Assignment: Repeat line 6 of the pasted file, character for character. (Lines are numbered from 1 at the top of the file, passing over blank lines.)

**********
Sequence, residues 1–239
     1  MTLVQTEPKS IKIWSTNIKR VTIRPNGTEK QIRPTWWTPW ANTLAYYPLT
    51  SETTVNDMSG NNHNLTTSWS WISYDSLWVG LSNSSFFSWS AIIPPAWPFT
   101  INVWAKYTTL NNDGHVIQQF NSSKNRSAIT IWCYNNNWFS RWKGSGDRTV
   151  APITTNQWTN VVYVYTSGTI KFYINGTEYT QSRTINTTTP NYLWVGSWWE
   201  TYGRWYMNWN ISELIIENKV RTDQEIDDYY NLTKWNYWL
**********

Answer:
   201  TYGRWYMNWN ISELIIENKV RTDQEIDDYY NLTKWNYWL